January 01, 2020

By: Lynn McClurg, Morning SKY Farm

I Remember "Her"...


It’s been a year now since we lost Paulettha, and we are constantly reminded to never underestimate the value of a challenging alpaca…

6Peruvian Paulettha 6140 was one of those alpacas that everyone who encountered her will never forget. No matter who came to the farm, she always made a very memorable and lasting impression – not necessarily in a good way. She was one of our two original alpaca purchases, and we came to realize over time that she was also one of those noteworthy foundation females who deserved to be treasured in a breeding program equally as much as some males.

Paulettha put us on a fast track crash course of learning the tricks of new alpaca ownership, forcing us to some days rise and conquer, and some days to crash and burn! From the day that she arrived at our farm, it was very evident that she was the “alpha” female of our herd, and the protector of absolutely everyone – old or young, related or not, especially the crias.

Her first cria arrived in our first two months of alpaca ownership, and she surprised us by delivering three weeks earlier than the due date that we were given, before dawn on a cool November 1st, making us scramble to remember what we needed to do. Because she was so protective, she always made it difficult to handle her crias – repeatedly circling us to get them back, nipping at our legs, and always spitting. While other moms would quietly walk to the scale with their crias, we had to learn stealth style methods of stealing hers away in order to perform basic health tasks on her crias, wearing a shower cap and an extra shirt as standard equipment. Except for the first, Paulettha delivered each subsequent cria right on day 335, like clockwork, and always easily – valuable traits.

During our first year, when a shearer from the seller’s farm came out for our first shearing, Bob pointed to the llama who had accompanied the two pregnant Peruvian imports who were our original purchases. Bob asked, “Do you remember Omar?”. With a higher pitched tone and with an affectionate lilt to his voice, the shearer smiled and said, “Omar - awww, you have Omar”. When it was time to shear Paulettha, Bob again checked the shearer’s recollection by asking “Do you remember this one?” The look on the shearer’s face became serious, his voiced dropping to almost a growl as he said “Ohhhh, I remember HER!”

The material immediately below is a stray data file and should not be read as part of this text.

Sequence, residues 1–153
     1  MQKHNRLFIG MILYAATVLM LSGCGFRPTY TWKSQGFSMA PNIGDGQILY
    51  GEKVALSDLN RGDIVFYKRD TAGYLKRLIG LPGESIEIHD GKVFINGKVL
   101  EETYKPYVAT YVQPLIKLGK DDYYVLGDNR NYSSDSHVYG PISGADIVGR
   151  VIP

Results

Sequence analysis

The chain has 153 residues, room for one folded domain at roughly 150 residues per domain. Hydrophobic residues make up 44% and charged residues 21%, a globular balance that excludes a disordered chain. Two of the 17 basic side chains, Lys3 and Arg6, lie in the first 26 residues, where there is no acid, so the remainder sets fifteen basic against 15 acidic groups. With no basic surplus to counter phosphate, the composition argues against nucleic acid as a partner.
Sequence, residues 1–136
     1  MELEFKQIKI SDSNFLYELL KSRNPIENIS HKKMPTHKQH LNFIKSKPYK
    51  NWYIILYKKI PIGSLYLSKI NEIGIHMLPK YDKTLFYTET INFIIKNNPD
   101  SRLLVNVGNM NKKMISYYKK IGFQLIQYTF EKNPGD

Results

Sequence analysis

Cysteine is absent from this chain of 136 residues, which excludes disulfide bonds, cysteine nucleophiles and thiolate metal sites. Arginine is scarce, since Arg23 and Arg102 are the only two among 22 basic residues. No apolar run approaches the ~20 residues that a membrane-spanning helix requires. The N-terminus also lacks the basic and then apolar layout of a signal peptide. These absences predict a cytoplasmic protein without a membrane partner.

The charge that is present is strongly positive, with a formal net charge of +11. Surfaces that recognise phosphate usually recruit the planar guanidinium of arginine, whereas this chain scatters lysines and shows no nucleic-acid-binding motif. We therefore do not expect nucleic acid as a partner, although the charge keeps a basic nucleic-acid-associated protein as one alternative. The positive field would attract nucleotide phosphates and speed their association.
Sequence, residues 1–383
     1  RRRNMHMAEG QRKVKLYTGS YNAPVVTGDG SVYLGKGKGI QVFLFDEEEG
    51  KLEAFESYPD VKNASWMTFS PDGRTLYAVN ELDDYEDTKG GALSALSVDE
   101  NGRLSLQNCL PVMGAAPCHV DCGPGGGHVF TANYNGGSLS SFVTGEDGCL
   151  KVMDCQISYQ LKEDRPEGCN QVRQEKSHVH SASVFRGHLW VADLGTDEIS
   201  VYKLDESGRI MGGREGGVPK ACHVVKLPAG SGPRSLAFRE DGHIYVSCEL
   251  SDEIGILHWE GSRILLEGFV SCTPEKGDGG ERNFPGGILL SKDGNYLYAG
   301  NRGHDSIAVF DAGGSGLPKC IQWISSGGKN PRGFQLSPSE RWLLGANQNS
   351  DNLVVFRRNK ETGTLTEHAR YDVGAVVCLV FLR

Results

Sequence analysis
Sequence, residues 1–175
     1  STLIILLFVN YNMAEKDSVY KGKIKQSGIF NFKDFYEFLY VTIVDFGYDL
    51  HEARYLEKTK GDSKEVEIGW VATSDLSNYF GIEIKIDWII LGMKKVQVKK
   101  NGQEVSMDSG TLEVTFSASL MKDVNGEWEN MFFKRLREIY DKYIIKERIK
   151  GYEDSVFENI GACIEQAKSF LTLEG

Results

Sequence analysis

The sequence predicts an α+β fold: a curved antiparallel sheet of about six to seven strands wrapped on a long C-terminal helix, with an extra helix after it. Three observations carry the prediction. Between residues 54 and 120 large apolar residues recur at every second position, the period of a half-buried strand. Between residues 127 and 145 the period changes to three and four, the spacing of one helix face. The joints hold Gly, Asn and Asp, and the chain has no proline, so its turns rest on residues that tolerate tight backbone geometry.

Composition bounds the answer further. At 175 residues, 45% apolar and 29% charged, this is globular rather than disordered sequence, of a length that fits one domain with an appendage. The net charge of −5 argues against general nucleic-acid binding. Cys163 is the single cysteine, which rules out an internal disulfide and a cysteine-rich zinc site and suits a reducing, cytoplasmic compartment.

Paulettha was not one of those females who would fall into the category of the frequently mentioned “huggable investment”. Instead, she was the one of whom we would suggest to visitors that “you may want to stay a bit back from that one.” Although we did not know it at the time of her purchase, we quickly learned that she trusted no one, and had a constant propensity not just for spitting, but for covering anyone with an enormous amount of it – at any time and for any or no reason. In my constant quest to ‘be her friend’, Bob would always say “Don’t look at her, don’t look at her, DON’T LOOK AT HER” – SPLAT! Having completed a Camelidynamics seminar, I was confident that I could halter train Paulettha, even at age seven. With several fast and powerful poofs, however, she filled both of my eyes and ears with smelly green stuff, just seconds before a farmer friend of ours came through the barn door. He never again called me a “city girl” (even though I never was one).

During the time that Paulettha was in our lives, she gave us five strong, beautiful daughters who have given us nine girls and two boys, including fleece and halter winners. That’s fourteen girls and two boys coming down the line just from Paulettha. The girls are easy birthers, some yield five pound fleece blankets, and all but one have lovely temperaments. That’s value, and a wonderful foundation to build upon.

During the last year or so of her life, I guess that I did become her friend, as I would sit next to Paulettha, stroke her head and neck, and talk to her on a daily basis without any rebuttal. With a good deal of cooperation, Bob would administer his homemade “spinapp”, a combination of blended spinach and applesauce to keep her from becoming anemic, as well as Fibrevive. None of the tests ever showed that anything was amiss, but, as an older import, she never returned to her normal state of fully good health. We had bought half interest in her repeatedly perfect mate in anticipation of breeding her for another beautiful offspring, but it was not meant to be.

Never disregard a challenging alpaca; you may not realize what he or she is giving back to you. Paulettha, in her own way, taught us and gave us alot. When one of our granddaughters was little, she would say over and over, “I love Pauledda”. We loved – and miss - Paulettha, too. We’ll always remember HER…

This article appeared in the Spring 2011 issue of PAOBA's official newsletter, The Planet, of which Lynn served as the coordinator.